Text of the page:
on Psalms 58 :3
The wicked are estranged from the womb - "This," says Dr. Kennicott, "and the next two verses, I take to be the answer of Jehovah to the question in the two first verses, as the Psalm 58:6, Psalm 58:7, and Psalm 58:8, are the answer of the psalmist, and the remainder contains the decree of Jehovah." He calls these wicked men, men who had been always wicked, originally and naturally bad, and brought up in falsehood, flattery, and lying. The part they acted now was quite in character.
on Psalms 58 :3
The wicked are estranged from the womb - The allusion here undoubtedly is to the persons principally referred to in the psalm - the enemies of David. But their conduct toward him suggests a more general reflection in regard to "all" the wicked as having the same characteristics. The psalmist, therefore, instead of confining his remarks to them, makes his observations general, on the principle that all wicked men have essentially the same character, and especially in respect to the thing here affirmed, that they go astray early; that they are apostate and alienated from God from their very birth. The words, "the wicked," here do not necessarily refer to the whole human family (though what is thus affirmed is true of all the human race), but to people who in their lives develop a wicked character; and the affirmation in regard to them is that they go astray early in life - from their very infancy.
Strictly speaking, therefore, it cannot be shown that the psalmist in this declaration had reference to the whole human race, or that he meant to make a universal declaration in regard to man as being early estranged or alienated from God; and the passage, therefore, cannot directly, and with exact propriety, be adduced to prove the doctrine that "original sin" pertains to all the race - whatever may be true on that point. If, however, it is demonstrated from "other" passages, and from facts, that all men "are" "wicked" or depraved, then the assertion here becomes a proof that this is from the womb - from their very birth - that they begin life with a propensity to evil - and that all their subsequent acts are but developments of the depravity or corruption with which they are born. It is only, therefore, after it is proved that people "are" depraved or "wicked," that this passage can be cited in favor of the doctrine of original sin.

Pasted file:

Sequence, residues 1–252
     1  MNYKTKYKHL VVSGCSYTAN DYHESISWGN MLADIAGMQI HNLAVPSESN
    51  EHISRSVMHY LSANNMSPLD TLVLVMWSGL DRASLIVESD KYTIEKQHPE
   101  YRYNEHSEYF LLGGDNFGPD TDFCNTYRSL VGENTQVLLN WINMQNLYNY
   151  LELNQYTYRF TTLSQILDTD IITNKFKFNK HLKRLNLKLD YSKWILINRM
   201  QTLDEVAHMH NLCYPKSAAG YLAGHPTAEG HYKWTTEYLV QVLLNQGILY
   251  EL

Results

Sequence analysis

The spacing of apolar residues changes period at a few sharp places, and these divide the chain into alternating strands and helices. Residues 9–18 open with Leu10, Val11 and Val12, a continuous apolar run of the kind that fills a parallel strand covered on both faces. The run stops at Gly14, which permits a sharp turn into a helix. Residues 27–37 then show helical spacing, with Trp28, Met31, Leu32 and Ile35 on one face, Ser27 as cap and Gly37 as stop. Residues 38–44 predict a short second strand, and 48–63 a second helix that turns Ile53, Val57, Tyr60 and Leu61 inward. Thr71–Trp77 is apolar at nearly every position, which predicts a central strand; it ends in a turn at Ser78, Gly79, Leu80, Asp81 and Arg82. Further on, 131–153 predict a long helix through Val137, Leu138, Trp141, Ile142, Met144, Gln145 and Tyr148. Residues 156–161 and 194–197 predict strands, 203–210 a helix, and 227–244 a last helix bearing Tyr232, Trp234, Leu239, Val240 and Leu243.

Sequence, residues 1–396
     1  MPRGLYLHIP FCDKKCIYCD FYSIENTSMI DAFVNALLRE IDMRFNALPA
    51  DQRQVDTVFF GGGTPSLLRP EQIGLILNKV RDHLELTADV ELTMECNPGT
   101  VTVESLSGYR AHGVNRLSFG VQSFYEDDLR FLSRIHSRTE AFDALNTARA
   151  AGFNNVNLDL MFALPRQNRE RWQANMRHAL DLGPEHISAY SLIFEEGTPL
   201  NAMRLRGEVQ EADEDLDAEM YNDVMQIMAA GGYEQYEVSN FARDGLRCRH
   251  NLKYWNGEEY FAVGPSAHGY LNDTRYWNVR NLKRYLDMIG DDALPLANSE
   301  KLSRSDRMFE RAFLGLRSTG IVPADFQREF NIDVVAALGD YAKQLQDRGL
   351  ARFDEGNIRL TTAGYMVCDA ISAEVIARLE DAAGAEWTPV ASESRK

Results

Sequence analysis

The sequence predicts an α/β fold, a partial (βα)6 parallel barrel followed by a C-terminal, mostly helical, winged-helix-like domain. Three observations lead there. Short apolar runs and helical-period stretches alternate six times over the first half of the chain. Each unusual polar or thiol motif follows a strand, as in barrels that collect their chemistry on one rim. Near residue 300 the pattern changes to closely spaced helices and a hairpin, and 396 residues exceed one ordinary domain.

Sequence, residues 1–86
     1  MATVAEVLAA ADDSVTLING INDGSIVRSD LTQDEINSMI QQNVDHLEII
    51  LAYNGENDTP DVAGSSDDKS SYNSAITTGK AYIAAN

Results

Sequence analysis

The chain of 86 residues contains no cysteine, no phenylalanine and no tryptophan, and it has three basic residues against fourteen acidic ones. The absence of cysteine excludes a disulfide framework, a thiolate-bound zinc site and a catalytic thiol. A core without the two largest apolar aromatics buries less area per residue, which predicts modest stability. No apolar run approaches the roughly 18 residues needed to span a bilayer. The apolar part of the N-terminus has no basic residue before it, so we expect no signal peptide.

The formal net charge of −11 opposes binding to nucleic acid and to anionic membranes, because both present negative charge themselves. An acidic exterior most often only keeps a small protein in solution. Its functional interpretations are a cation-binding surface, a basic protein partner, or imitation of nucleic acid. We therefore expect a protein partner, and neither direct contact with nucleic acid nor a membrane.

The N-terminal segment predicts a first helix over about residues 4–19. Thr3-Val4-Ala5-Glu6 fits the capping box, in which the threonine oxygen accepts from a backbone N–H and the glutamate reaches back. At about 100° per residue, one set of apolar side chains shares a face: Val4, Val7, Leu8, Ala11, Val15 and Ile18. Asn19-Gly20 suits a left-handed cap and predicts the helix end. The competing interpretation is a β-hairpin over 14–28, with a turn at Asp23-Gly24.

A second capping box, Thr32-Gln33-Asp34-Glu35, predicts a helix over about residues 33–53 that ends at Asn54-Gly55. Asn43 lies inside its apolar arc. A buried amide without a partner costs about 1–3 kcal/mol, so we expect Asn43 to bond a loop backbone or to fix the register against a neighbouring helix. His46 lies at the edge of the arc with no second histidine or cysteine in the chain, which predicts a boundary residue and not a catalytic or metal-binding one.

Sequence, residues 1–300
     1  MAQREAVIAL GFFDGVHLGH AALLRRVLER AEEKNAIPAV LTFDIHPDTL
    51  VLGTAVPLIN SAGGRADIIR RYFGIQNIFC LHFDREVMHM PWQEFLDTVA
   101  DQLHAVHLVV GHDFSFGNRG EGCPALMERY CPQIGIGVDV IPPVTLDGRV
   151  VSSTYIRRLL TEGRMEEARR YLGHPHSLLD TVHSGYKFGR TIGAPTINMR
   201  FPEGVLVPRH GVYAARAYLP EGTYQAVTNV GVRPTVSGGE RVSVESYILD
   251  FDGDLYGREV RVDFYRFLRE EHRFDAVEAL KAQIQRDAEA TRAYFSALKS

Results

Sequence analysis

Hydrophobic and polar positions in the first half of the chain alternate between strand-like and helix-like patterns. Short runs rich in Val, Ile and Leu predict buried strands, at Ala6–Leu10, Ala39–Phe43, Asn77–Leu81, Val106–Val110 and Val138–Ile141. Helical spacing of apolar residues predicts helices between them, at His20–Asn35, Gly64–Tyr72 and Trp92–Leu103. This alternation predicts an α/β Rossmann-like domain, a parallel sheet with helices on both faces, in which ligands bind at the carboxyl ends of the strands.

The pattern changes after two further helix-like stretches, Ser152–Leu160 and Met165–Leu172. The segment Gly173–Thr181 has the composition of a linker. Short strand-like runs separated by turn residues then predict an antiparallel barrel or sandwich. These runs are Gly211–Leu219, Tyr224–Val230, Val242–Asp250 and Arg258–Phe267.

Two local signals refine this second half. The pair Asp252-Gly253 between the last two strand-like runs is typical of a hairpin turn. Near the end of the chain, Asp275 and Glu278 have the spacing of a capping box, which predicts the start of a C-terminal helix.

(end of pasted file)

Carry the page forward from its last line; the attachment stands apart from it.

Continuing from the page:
The word rendered are "estranged" - זרוּ zorû - means properly, "to go off, to turn aside," or "away, to depart;" and then it comes to mean "to be strange," or "a stranger." The proper idea in the word is that one is a stranger, or a foreigner, and the word would be properly applied to one of another tribe or nation, like the Latin "hostis," and the Greek ξείνος xeinos. Exodus 30:33; Isaiah 1:7; Isaiah 25:2; Isaiah 29:5; Psalm 44:20. The meaning of the term as thus explained is, that, from earliest childhood, they are "as if" they belonged to another people than the people of God; they manifest another spirit; they are governed by other principles than those which pertain to the righteous. Compare Ephesians 2:19. Their first indications of character are not those of the children of God, but are "alien, strange, hostile" to him. The phrase "from the womb," refers, undoubtedly, to their birth; and the idea is, that as soon as they begin to act they act wrong; they show that they are strangers to God. Strictly speaking, this passage does not affirm anything directly of what exists in the heart "before" people begin to act, for it is by their "speaking lies" that they show their estrangement; yet it is proper to "infer" that where this is universal, there "is" something lying back of this which makes it certain that they "will" act thus - just as when a tree always bears the same kind of fruit, we infer that there is something "in" the tree, back of the actual "bearing" of the fruit, which makes it certain that it "will" bear such fruit and no other. This "something" in the heart of a child is what is commonly meant by "original sin."
They go astray - The Hebrew word used here means to go astray, to wander, to err. It is used in reference to drunken persons who reel, Isaiah 28:7; and to the soul, as erring or wandering from the paths of truth and piety, Ezekiel 48:11; Psalm 95:10; Psalm 119:110; Proverbs 21:16. The "manner" in which the persons here referred to did this, is indicated here by their "speaking lies."
As soon as they be born - Margin, as in Hebrew, "from the belly." The meaning is, not that they speak lies "as soon as" they are born, which could not be literally true, but that this is the "first act." The first thing "done" is not an act of holiness, but an act of sin - showing what is in the heart.
Speaking lies - They are false in their statements; false in their promises; false in their general character. This is one of the forms of sin, indicating original depravity; and it is undoubtedly selected here because this was particularly manifested by the enemies of David. They were false, perfidious, and could not be trusted. If it be proved, therefore, that all people are wicked, then "this" passage becomes a proper and an important text to demonstrate that this wickedness is not the result of temptation or example, but that it is the expression of the depravity of the heart by nature; that the tendency of man by nature is not to goodness, but to sin; that the first developments of character are sinful; that there is something lying of sinful acts in people which makes it certain that they will act as they do; and that this always manifests itself in the first acts which they perform.
on Psalms 58 :3
58:3 Estranged - From God, and from all goodness. Their very natures are corrupt, even from their birth: they are the wicked offspring of sinful parents. Astray - By actual sins, from their childhood, as soon as ever they were capable of the exercise of reason.